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Amazing Assynt

Amazing Assynt


Postby HalfManHalfTitanium » Wed Dec 09, 2015 11:41 am

Route description: Quinag: three Corbetts

Corbetts included on this walk: Quinag - Sail Gharbh

Grahams included on this walk: Stac Pollaidh

Date walked: 25/04/2013

Time taken: 12 hours

Distance: 12 km

Ascent: 2000m

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A great week in Ullapool, albeit with iffy-squiffy weather, ended with two of my favourite walks. However I have to kick off with a beer photo. Worse still, it's not even showing the correct hill that we were climbing.

ImageIMG_0021 by Tim Pearce, on Flickr

Sometimes, the light and colour of the hills on days of changing weather can equal, or even better, days of cloudless sunlight. Especially when you are among the otherworldly rocks of Assynt.

The night before, a band I had never heard of played Ullapool. A magical night.

ImageIMG_0073 by Tim Pearce, on Flickr

Mairearad (coincidentally, from nearby Achiltibuie) is the Jimi Hendrix of the accordion.

ImageIMG_0080 by Tim Pearce, on Flickr

OK let's get onto the actual walks. The next day dawned fitful and showery: we decided on Stac Pollaidh - again (we'd climbed it two days before). Might seem an odd decision, but in fact it was the perfect choice. It was snowing as we set off from the car park by Loch Lurgain, visibility became zero as we ascended, and by the time we reached the crest of the ridge, it was pretty much a blizzard.

ImageIMG_0502 by Tim Pearce, on Flickr

But light seemed be coming through the thick curtain of sleet... shreds of clouds tore and whizzed away from us...

ImageIMG_0503 by Tim Pearce, on Flickr

...and we were in clear weather, looking out over the dappled landscape of Assynt.

ImageIMG_0510 by Tim Pearce, on Flickr

Looking back into Coigach: cloud lingering and lurking around Sgurr an Fhidleir.

ImageIMG_0511 by Tim Pearce, on Flickr

More views over Assynt

ImageIMG_0513 by Tim Pearce, on Flickr

And Coigach

ImageIMG_0511 (2) by Tim Pearce, on Flickr

Later, our drive back via Lochinver gave us a view of a rainbow over Suilven

ImageIMG_0404 by Tim Pearce, on Flickr

And, once back on the main road at Elphin, looking back we saw the sunset over Suilven too.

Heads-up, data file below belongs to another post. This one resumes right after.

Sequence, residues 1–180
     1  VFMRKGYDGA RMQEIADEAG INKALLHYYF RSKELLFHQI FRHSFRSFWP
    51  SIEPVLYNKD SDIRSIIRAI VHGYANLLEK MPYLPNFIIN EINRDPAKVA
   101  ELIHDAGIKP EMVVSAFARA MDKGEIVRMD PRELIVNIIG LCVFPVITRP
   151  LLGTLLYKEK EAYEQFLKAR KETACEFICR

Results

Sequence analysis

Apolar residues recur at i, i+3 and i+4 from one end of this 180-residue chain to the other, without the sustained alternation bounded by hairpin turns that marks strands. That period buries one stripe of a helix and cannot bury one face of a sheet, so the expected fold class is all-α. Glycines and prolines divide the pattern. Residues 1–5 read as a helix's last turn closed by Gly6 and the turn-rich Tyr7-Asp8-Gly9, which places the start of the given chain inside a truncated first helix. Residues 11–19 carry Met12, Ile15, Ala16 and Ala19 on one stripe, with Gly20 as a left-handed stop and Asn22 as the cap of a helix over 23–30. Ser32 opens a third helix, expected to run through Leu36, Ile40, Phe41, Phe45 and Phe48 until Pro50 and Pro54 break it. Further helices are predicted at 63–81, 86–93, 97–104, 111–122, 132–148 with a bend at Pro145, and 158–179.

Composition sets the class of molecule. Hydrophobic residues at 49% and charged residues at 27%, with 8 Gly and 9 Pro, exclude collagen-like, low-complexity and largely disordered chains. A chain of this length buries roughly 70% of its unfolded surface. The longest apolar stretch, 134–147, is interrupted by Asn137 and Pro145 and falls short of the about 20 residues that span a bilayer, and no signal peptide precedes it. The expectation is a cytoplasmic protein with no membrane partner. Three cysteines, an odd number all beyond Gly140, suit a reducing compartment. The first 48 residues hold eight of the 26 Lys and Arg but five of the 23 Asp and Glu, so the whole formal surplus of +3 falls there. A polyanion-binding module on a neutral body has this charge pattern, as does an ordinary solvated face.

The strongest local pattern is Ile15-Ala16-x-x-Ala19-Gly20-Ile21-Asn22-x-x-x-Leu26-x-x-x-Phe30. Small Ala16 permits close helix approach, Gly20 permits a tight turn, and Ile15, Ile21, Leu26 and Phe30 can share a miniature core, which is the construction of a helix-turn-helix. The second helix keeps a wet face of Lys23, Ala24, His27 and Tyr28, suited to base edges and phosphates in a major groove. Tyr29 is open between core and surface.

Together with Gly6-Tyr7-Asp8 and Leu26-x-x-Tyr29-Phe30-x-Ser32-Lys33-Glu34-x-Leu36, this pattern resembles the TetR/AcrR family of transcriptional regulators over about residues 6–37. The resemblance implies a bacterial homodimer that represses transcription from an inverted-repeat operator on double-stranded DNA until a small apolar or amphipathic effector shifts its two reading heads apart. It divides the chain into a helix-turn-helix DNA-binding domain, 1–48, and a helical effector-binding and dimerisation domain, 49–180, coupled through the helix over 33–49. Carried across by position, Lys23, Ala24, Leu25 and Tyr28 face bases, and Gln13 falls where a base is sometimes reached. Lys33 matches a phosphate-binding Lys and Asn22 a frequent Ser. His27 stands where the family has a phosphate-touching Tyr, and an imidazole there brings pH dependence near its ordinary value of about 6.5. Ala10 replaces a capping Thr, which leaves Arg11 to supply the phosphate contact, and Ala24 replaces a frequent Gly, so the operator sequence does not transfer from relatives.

ImageIMG_0408 by Tim Pearce, on Flickr

The next day started bright, with great views of the Coigach hills as we drove north on the A835 - this is Stac Pollaidh, Cul Beag and Cul Mor from a roadside lochan.

ImageIMG_0201 by Tim Pearce, on Flickr

The car park gave us a view into Quinag's snow-dusted eastern corrie.

ImageIMG_0550 by Tim Pearce, on Flickr

The path leads across the moor and into the mouth of the corrie, with views of Spidean Coinich and its summit Bucket Buttress.

ImageIMG_0301 by Tim Pearce, on Flickr

The first-class path (courtesy I think of the John Muir Trust) led us through the corrie, above Lochan Bealach Cornaidh and then curved back on itself to ascend Sail Gharbh.

Spidean Coinich and its Point 714m looked like giant cakes frosted with icing.

ImageIMG_0560 by Tim Pearce, on Flickr

The bealach between Sail Gharbh and the Sail Ghorm ridge was a wild and windy spot -

ImageIMG_0562 by Tim Pearce, on Flickr

- but it gave us a great view of Suilven under brooding skies

ImageIMG_0567 by Tim Pearce, on Flickr

Although sunshine would have been nice, these lowering skies seemed perfect for the ambience of these strange-shaped far northern hills with their super-ancient rocks. The transition from rounded sandstone stones to jagged Cambrian quartzite boulders just before the summit of Sail Gharbh is very abrupt.

The ridge gave us views out over Loch Chairn Bhain, the islands and coast towards Badcall and Scourie and beyond to the Minch (not in this shot - but at one point we did briefly spot the hills of Harris on the horizon).

ImageIMG_0311 by Tim Pearce, on Flickr

The trig and summit shelter, adorned with ice crystals, were a good spot for a snack...

ImageIMG_0312 by Tim Pearce, on Flickr

...and a snifter.

ImageIMG_0313 by Tim Pearce, on Flickr

Time to go: the wind was rising.